That’s a good segway into another drag car experimenter that went by the name “The Loner”, that’s right, the one and only Tony Nancy. Tony hooked up with an Art Center student by the name of Steve Swaja and brought some real style to the sport. We see one of Steve’s drawings for a rear-engined ride that would have looked really cool (TNC_986).
Digging to find obscure stuff is part of the fun around here. We ran across this caver of Popular Mechanics from March 1929 depicting an artist’s take on the Campbell not so blue “Bluebird” threading the needle at Daytona beach. I’m thinking taking out a pole at high speed holding the bull’s-eye would be just a little bit dangerous.
Our next shot is but one of hundreds from Tom and Anita Zelesky, taken at El Cajon Speedway that is going to deprive us of even thinking about lighting up (MWC_021) We can make out a George ???? Man on the Nova’s top but the Camero is a zip, zero, nada.
Since we’ve been stumped for a few shots it’s time to slide in one that we can tell you a little something about (JMC_4517). The location is 8921 David Avenue in Los Angeles, or half a block east of Robertson Boulevard. If you go South on Robertson a few blocks you’ll pass Hamilton High School on the right and in another two you’ll go under the Santa Monica Freeway. The date is Saturday, July 18, 1942. The car is Stuart Hilborn’s 21 studder powered Streamliner. The lady that jumped in the driver’s seat for a photo op is Patricia Miller, aka my dad’s sister and my aunt. The next day Stu was at Harper Dry Lake and cut a lap at 127.11 mph for a second in class behind Charlie Beck driving his and his brother’s rebuilt Bob Rufi Streamliner. For a little trivia, seven years later Mr. Beck took a bride that was the former Patricia Miller. Please note the American flags flying proudly. I would have been minus three at the time so no cigar could’ve been lit.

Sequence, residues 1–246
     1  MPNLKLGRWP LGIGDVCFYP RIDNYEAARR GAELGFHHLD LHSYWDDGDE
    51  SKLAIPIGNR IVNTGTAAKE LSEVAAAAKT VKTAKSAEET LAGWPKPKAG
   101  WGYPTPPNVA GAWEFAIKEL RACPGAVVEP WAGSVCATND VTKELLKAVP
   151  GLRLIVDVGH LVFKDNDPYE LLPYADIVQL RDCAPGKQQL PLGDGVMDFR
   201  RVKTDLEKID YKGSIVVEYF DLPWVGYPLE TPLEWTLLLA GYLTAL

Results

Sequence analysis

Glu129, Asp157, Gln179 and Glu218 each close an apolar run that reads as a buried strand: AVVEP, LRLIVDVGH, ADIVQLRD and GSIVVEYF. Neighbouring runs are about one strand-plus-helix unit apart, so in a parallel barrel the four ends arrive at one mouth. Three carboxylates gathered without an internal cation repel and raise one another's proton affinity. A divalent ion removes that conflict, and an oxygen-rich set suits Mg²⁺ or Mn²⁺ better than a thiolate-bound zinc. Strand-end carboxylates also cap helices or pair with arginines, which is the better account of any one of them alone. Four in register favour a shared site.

DBC_907 is another one of our new scans. The shot shows Kelly Petillo or Arvol Brunmier getting the back end of the Gilmore Speedway Special owned by Harvey Ward a little out of shape trying to keep ahead of the Joe Marks owned Lion Head Special driven by the 1932 AAA National Champion Bob Carey at Legion Ascot. Carey crashed to his death in this car at Ascot on April 16, 1933.
Last up is yet another new scan done this week that shows Starter Bob Higbee getting-giving last-minute instructions from-to the timing tower before letting the Ramjet & Ward Class B Fuel Streamliner have at it at El Mirage on July 11, 1982 (DBC_920). The Sidewinders members were after the existing record of 275.220 mph and managed a run of 234.986 mph for a first and only in class and received 170 points. On the left is the green Class I Production Karmen Ghia wearing number 57 that was named Larry’s Old Volks Home and owned by long-time racer Larry Monreal. He was after the 96.870 mph record but fell short with a 75.062 mph lap. He received 154 points for the effort.
Were finished for this week and it’s only 11:45 PM, sadly just a tad too late to light up.